Just like a whiff of freshly baked muffins reminds passersby that they are hungry, your messages need to communicate that your organization does good in the world and that being a part of it feels good.

A bar chart is too abstract, photos from your last gala could leave people feeling inadequate, and talking in aggregate about the people you serve can make their problems seem overwhelming. You need emotional content that shows the real impact of your organization’s work.

Just like a food court beckons to someone who hasn’t eaten all day, let your audience know that getting involved with your organization means they can help in a tangible way. And refresh their weary souls in the process.

Infographics: A scenic overlook for readers

When you’re cruising down a curvy highway at 75 miles an hour in the middle of a long trip, it’s nice to come upon a place where you can pull over for a break.

Anyone in marketing is aware of the demands on people’s time. No matter how fun new media can be, it also adds to the relentless onslaught of information everyone is trying to process. As a result, communicating more rapidly through visuals has never been more important.

If you’ve read my blog before, you know that I work on a print magazine. Within such a conventional vehicle, it is always a struggle to come up with the right combination of text and graphics to communicate our key messages.

So I always do a “flip test” before putting any publication to bed. Basically I take a final look to see if someone in our target audience didn’t read a single word but simply flipped through and glanced at a few things, would they still get the big picture?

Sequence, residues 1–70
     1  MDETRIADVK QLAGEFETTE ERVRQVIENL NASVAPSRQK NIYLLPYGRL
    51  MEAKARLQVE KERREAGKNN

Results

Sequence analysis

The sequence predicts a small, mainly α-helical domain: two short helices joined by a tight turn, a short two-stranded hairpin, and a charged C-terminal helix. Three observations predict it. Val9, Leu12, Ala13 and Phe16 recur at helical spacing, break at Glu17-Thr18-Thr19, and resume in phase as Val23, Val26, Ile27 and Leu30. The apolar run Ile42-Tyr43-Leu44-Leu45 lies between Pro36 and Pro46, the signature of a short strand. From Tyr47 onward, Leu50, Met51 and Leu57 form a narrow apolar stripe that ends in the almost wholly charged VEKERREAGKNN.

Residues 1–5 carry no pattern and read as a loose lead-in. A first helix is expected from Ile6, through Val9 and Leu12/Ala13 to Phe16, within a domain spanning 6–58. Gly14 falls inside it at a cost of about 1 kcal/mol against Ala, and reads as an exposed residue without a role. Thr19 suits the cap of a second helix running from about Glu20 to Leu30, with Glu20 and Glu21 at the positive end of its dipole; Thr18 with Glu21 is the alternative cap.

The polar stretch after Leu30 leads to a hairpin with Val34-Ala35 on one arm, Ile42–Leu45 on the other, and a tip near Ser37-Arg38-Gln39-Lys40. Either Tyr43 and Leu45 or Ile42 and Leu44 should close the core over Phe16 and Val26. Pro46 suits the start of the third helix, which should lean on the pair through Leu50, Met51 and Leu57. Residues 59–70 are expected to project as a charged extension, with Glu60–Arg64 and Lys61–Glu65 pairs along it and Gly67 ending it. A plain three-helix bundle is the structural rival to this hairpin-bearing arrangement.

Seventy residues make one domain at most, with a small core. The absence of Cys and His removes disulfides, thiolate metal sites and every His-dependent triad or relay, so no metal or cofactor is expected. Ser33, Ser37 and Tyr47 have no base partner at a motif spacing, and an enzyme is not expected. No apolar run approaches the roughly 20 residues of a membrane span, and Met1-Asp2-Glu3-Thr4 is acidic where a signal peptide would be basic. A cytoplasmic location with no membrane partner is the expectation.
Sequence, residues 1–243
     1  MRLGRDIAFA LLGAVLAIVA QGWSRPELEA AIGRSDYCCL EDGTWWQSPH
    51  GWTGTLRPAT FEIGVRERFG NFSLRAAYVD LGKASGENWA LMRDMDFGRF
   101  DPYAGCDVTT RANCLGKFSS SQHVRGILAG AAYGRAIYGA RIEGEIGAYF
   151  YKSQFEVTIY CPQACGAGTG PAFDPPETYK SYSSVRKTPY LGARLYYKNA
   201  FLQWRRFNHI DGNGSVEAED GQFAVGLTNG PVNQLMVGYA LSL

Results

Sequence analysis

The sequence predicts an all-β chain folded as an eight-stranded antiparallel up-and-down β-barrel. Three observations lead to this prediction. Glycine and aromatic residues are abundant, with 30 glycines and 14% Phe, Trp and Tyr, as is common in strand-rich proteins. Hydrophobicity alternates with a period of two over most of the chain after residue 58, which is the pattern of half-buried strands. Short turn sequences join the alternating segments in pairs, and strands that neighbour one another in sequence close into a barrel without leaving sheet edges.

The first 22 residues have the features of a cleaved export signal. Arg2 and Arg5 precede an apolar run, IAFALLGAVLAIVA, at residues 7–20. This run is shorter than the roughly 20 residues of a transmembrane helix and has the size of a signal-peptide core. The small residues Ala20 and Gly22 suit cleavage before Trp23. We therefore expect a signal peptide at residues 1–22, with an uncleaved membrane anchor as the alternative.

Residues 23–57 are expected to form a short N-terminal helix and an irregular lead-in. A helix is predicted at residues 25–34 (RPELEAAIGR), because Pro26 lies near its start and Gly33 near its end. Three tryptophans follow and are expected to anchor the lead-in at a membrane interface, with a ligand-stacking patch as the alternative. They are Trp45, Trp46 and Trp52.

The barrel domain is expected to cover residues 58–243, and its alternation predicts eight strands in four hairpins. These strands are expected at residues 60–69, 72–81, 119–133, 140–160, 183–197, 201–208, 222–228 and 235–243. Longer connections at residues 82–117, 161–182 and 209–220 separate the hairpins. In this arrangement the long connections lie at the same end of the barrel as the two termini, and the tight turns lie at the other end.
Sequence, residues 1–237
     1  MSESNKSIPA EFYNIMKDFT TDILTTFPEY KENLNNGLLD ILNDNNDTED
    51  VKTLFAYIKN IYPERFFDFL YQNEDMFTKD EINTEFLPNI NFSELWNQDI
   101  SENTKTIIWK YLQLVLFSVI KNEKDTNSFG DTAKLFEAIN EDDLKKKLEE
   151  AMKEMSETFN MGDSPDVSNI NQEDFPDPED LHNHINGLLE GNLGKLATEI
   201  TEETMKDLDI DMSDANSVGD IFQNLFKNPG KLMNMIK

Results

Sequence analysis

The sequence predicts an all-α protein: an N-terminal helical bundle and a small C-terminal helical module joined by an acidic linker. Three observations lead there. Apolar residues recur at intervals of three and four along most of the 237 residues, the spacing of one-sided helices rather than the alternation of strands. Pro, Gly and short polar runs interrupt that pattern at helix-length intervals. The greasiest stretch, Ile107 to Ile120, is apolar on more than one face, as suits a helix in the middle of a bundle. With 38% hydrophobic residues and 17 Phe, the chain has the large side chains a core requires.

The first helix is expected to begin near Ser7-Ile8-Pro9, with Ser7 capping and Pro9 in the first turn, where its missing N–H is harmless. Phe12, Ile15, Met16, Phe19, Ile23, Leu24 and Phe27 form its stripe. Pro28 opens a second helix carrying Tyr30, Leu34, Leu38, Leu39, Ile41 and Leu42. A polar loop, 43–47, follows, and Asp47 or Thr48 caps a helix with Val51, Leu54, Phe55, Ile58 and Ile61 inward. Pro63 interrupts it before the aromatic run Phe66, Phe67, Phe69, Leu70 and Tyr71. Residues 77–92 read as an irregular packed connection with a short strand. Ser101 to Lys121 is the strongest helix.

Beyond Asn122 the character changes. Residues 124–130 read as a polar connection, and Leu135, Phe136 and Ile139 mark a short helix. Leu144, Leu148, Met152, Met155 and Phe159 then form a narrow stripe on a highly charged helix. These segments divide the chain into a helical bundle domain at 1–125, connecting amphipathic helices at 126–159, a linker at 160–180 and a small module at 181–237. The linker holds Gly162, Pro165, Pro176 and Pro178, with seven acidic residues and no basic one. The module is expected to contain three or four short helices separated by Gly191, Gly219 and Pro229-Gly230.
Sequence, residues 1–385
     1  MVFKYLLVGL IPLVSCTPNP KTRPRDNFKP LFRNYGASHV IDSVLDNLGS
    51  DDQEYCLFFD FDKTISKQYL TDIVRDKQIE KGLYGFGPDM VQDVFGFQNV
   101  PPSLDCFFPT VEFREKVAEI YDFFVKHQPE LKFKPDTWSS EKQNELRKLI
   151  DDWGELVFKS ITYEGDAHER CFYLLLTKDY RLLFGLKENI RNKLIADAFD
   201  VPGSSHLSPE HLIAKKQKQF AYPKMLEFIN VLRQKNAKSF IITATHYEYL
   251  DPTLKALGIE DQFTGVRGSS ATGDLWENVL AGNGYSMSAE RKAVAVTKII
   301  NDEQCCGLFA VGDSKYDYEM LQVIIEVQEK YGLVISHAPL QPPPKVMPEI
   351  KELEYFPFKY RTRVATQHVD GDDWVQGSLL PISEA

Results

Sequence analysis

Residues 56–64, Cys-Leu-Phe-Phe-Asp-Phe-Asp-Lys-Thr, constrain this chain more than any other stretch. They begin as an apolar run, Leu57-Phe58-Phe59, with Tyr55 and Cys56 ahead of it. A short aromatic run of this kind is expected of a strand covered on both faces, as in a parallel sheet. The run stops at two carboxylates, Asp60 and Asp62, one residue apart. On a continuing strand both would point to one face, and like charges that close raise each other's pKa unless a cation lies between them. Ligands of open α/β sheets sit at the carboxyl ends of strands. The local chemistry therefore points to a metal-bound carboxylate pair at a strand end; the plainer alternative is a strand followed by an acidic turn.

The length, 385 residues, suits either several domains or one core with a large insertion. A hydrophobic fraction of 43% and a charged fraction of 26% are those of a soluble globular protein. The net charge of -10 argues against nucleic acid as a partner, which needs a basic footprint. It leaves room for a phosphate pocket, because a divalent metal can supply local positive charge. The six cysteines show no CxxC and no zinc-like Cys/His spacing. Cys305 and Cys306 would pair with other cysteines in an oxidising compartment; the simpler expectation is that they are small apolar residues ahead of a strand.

Because I work with an incredibly talented art director the answer is always yes. Invariably, he’s already done a fabulous job with art directing our photography and creating compelling and visually appealing design. I try to do my part with edgy headlines, captions, subheads, pull-out quotes and so on.

But it seems like it is time to step up our game to really engage our increasingly information-fatigued readers. To go beyond the flip test and actually get more of them delving in, really understanding and becoming advocates for our institution.

Recently, that led me to infographics.


What is an infographic?

The best way to explain an infographic is with an infographic.

This is an infographic on infographics from visual.ly which states: “Using Lego blocks and photography we wanted to show that a good infographic is simple and requires very little text.”

 

What is an infographic?


Is this just a trend?

Major publications have featured infographics for decades at least in the forms of pie charts, bell curves, Venn diagrams, bar graphs and the like, as well as in-depth, complex illustration to communicate information that would be unwieldy in text form.

In fact, the concept is anything but new. You could argue that the earliest humans invented infographics when they drew on cave walls.

But infographics have been repurposed in a social media context as profound, creative and absolutely fascinating ways to visualize data.


Where does writing fit in?

While infographics clearly put graphic designers and artists in the lead, the need for good writing and editing will still be an important component.

Marketingprofs.com offers this advice on infographics: